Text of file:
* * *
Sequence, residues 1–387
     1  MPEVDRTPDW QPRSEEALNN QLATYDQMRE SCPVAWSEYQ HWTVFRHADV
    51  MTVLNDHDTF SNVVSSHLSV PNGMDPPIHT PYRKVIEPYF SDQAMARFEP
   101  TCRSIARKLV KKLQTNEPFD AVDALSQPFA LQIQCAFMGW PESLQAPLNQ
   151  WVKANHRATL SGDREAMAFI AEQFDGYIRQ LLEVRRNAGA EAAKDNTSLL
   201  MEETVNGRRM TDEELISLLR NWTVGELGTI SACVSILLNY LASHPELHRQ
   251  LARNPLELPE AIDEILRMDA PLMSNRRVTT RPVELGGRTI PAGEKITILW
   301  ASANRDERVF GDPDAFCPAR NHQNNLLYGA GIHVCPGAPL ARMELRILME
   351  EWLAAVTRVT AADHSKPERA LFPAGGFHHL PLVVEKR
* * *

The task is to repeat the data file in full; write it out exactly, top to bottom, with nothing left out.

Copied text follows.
Sequence, residues 1–387
     1  MPEVDRTPDW QPRSEEALNN QLATYDQMRE SCPVAWSEYQ HWTVFRHADV
    51  MTVLNDHDTF SNVVSSHLSV PNGMDPPIHT PYRKVIEPYF SDQAMARFEP
   101  TCRSIARKLV KKLQTNEPFD AVDALSQPFA LQIQCAFMGW PESLQAPLNQ
   151  WVKANHRATL SGDREAMAFI AEQFDGYIRQ LLEVRRNAGA EAAKDNTSLL
   201  MEETVNGRRM TDEELISLLR NWTVGELGTI SACVSILLNY LASHPELHRQ
   251  LARNPLELPE AIDEILRMDA PLMSNRRVTT RPVELGGRTI PAGEKITILW
   301  ASANRDERVF GDPDAFCPAR NHQNNLLYGA GIHVCPGAPL ARMELRILME
   351  EWLAAVTRVT AADHSKPERA LFPAGGFHHL PLVVEKR